Originally from State College, Pennsylvania, Ryan Smith has called Atlanta home for the last 10 years. Like many chefs before him, Smith took up an interest in cooking when he found himself washing dishes as a college student at Penn State University (the restaurant lifestyle, and not the dishwashing part, was the source of inspiration). Smith decided cooking would be his career and chose to attend The Culinary Institute of America in Hyde Park, New York. He graduated in 2000 and was drawn to Atlanta by a fellow culinary student, who heralded the emerging national fascination with Southern cuisine.
Since his arrival in Atlanta, Smith has worked with some of the city’s most influential chefs. He got an early appreciation for the city working with Chef Anne Quatrano at Bacchanalia, then made his way over to the kitchen of Canoe. Smith also spent formative years working as chef de cuisine for 2007 Rising Star Chef Linton Hopkins at Restaurant Eugene and Holeman & Finch. While working with these chefs, Smith gained kitchen confidence and a sincere fondness for the history and traditions of the Southeast.
In 2010, Smith teamed up with 2007 Rising Star Chef Hugh Acheson as executive chef of Empire State South, where he combines his well seasoned passion for Southern ingredients and techniques with a playfulness and artistic flair. Working alongside Acheson, Smith is helping Empire State South to quickly become one of Atlanta’s most in-demand locations for regional cuisine and, like Smith himself, very much part of the Atlanta community.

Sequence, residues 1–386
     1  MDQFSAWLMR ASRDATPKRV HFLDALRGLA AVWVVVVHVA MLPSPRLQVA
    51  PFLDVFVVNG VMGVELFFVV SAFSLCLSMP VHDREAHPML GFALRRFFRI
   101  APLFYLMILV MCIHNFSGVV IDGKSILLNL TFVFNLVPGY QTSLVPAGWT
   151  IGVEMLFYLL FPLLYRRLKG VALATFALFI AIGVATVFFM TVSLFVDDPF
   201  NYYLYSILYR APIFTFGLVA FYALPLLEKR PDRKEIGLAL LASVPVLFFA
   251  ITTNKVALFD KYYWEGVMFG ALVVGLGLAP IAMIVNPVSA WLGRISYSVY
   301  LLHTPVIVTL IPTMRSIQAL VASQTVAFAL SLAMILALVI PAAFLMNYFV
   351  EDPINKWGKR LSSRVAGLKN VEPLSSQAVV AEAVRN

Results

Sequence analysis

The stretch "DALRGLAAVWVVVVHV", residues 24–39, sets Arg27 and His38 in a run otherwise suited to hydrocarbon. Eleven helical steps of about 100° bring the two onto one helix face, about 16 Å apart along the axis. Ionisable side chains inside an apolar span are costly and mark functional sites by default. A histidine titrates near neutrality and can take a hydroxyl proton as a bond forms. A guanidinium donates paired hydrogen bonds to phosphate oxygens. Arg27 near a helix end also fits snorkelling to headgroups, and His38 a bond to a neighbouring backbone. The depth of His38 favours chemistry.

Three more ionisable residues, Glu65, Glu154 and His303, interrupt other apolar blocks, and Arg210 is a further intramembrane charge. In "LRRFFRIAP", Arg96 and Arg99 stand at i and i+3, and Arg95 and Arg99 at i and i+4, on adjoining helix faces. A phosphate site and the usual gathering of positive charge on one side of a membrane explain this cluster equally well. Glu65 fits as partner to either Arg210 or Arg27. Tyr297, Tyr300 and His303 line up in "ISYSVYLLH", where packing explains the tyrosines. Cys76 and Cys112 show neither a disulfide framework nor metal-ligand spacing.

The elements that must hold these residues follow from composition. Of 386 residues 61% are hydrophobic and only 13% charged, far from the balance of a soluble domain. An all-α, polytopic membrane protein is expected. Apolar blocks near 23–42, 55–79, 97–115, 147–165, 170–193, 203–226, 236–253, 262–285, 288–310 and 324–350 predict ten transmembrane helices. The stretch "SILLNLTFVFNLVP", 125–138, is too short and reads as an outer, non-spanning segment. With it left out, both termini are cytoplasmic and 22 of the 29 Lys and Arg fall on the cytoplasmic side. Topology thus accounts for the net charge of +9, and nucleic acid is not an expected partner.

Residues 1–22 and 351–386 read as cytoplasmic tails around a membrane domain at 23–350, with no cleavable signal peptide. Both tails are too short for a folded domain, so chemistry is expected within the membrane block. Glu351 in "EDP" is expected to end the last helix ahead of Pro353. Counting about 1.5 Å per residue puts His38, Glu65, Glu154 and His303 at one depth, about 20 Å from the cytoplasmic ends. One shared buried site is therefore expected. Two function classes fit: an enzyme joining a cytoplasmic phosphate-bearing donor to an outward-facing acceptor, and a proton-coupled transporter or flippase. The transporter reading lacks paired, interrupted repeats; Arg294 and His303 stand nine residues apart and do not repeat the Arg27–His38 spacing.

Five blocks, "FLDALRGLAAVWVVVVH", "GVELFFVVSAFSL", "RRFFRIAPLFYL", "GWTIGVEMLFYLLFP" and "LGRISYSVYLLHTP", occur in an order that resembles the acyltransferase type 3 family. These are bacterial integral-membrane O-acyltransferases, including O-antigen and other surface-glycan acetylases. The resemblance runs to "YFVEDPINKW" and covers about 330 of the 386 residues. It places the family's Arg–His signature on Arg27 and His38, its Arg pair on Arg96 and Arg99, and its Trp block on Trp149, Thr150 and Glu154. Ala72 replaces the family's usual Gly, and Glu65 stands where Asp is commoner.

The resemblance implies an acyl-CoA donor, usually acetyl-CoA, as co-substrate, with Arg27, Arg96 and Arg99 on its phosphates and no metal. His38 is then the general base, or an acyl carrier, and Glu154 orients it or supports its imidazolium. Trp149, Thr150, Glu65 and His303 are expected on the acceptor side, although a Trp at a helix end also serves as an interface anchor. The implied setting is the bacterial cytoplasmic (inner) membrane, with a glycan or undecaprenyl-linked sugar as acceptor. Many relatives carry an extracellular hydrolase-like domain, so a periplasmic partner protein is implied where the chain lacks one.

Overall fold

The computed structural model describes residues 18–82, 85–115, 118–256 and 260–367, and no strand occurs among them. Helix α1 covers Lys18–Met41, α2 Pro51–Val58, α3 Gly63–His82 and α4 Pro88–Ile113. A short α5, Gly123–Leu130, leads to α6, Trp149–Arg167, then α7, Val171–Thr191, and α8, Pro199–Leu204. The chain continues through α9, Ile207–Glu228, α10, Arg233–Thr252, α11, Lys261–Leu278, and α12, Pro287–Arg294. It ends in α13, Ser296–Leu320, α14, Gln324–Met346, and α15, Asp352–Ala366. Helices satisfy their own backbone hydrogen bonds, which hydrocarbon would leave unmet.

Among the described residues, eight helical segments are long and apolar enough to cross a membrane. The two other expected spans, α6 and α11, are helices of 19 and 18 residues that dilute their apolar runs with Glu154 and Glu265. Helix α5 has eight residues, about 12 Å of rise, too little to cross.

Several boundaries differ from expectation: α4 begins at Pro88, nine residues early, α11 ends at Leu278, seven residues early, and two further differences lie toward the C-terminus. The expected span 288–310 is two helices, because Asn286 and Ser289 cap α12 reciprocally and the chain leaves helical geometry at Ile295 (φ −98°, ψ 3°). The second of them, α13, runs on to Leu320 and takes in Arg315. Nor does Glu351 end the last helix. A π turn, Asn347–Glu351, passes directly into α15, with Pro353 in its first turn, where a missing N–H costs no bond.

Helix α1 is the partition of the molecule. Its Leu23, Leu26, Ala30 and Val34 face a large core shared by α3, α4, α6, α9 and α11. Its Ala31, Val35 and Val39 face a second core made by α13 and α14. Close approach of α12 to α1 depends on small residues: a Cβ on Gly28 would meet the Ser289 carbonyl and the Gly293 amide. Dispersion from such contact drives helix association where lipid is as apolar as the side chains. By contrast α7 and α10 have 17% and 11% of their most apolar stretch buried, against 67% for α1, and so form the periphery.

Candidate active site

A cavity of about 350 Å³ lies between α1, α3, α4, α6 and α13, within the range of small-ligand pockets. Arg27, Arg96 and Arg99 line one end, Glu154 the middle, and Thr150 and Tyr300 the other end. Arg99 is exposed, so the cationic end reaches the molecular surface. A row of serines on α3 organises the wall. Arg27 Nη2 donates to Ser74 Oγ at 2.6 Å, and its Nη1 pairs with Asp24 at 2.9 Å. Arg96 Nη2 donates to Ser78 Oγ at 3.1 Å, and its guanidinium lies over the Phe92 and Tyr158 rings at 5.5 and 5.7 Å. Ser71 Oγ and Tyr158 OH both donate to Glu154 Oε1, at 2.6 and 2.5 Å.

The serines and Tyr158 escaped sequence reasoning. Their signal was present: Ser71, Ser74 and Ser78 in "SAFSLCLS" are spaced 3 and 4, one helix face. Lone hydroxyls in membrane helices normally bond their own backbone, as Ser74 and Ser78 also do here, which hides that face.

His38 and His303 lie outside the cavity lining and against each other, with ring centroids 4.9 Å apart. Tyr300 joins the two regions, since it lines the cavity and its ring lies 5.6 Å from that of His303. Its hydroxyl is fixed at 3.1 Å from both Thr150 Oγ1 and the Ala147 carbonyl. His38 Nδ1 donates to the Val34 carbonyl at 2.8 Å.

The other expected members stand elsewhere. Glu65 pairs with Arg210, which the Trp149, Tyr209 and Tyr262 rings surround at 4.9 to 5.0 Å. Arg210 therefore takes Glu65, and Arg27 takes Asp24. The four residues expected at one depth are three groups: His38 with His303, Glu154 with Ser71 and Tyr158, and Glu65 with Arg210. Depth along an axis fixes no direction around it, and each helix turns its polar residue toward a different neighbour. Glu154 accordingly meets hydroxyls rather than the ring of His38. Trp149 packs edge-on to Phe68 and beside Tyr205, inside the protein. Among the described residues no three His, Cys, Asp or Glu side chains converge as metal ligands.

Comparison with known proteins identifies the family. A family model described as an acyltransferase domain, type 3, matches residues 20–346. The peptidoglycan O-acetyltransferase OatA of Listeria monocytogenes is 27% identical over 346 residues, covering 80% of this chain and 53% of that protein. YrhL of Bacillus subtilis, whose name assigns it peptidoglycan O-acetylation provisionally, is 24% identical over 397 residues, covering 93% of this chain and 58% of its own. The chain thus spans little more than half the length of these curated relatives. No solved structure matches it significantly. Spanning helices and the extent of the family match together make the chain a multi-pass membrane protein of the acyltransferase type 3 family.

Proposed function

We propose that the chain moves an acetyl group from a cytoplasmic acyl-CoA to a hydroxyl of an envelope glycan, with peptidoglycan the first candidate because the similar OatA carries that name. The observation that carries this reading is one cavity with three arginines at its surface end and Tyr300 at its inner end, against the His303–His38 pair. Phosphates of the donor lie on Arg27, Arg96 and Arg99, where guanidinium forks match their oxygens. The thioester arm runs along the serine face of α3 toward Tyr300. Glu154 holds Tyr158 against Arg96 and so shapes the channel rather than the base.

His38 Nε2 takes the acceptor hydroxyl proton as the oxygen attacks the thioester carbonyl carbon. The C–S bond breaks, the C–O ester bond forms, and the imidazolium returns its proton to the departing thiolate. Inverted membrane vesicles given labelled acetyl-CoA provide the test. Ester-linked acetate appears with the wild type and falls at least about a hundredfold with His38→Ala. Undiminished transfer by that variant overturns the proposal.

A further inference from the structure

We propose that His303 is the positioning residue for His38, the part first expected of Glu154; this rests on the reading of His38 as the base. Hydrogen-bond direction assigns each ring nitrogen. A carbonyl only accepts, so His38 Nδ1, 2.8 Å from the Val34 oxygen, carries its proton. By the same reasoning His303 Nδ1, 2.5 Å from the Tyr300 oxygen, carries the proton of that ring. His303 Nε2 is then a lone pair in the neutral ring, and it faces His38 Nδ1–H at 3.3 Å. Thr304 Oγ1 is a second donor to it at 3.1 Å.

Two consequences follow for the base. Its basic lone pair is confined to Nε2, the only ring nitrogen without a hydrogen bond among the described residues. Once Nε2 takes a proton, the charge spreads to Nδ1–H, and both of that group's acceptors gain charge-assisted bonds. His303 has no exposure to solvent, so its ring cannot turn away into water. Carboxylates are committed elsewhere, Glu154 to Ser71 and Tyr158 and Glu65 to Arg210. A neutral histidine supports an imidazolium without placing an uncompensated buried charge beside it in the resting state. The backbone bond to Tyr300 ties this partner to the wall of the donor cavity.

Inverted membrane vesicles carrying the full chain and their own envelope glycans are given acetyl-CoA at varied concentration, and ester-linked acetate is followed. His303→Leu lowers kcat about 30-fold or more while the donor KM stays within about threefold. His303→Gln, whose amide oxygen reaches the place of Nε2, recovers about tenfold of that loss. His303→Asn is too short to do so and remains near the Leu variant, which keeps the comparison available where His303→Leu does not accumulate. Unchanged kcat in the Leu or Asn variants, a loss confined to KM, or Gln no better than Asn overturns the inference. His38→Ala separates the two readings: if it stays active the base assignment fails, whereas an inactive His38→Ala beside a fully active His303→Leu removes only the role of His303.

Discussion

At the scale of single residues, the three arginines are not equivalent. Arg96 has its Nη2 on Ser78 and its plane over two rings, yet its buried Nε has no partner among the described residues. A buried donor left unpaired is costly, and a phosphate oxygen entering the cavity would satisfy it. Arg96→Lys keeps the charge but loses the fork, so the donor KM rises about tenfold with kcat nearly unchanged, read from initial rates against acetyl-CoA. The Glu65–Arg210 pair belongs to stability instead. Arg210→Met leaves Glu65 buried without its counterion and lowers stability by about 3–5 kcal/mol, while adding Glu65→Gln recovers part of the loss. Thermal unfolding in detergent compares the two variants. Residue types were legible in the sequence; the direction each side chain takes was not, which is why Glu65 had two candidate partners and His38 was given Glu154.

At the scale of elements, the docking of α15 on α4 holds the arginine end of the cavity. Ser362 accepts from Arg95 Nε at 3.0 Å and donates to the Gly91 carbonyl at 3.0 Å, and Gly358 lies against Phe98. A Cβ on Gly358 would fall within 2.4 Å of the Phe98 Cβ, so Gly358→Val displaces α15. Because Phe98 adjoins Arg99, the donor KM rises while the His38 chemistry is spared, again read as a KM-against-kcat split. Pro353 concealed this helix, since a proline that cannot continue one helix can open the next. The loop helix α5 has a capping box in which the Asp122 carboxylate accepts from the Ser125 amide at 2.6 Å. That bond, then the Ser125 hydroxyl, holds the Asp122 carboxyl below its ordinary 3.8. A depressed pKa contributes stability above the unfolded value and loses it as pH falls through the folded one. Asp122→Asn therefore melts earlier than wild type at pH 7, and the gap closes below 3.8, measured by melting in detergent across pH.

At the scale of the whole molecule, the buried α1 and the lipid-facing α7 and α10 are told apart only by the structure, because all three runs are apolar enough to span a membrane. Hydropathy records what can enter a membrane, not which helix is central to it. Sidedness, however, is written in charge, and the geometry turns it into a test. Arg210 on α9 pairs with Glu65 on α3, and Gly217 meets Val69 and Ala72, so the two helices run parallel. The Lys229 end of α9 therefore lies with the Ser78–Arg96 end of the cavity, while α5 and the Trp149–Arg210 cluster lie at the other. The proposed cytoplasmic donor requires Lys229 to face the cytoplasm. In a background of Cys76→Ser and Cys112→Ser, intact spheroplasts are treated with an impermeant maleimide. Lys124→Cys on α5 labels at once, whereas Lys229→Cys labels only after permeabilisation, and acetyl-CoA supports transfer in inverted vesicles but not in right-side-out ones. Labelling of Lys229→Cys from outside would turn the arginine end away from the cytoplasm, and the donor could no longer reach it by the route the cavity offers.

Interview with 2012 Atlanta Rising Star Chef Ryan Smith
Katherine Sacks: What inspired you to get into the kitchen?
Ryan Smith: I was 15 and I needed a job. I started washing dishes. I was always kind of intrigued by the chaos of the kitchen; I wanted to get my hands in food. I got a job in Penn State Catering during college and [I] loved learning.
KS: What goes into creating a dish?
RS: A lot of it’s talking with farms and working down a produce list. There is a difference in spending a lot of time on conceptualizing and needing to make a change on day to day availabilities. We try to talk with farmers and ask what they can't get rid [of]. At the end of market on Saturdays the farmers come here and we buy pretty much everything from them.
KS: What else are you doing to run a more sustainable kitchen?
RS: Anything and everything we can do to support the local community. It’s more than terminology; the community is what’s important. Instead of it being a selling point, it should be assumed that’s what we do. We're very active in reaching out to new farms, and we try to give a little to everybody. Farms call us all the time that have 50 pounds and we buy it all to pickle. We also try to take field trips as a staff, to see who is on the other side.
KS: What is the toughest thing you’ve done in your career?
RS: Opening this restaurant. I started here after it was six weeks old; I inherited an open restaurant rather than opening it. It was hard to make it mine at first.
KS: What trends do you see emerging?
RS: I hope it’s independent good food and drink. There are a lot of corporate restaurant groups here. We are a little guy who likes to support the little guys.
KS: If you weren’t a chef, what would you be doing?
RS: Wood working. It’s kind of a hobby of mine.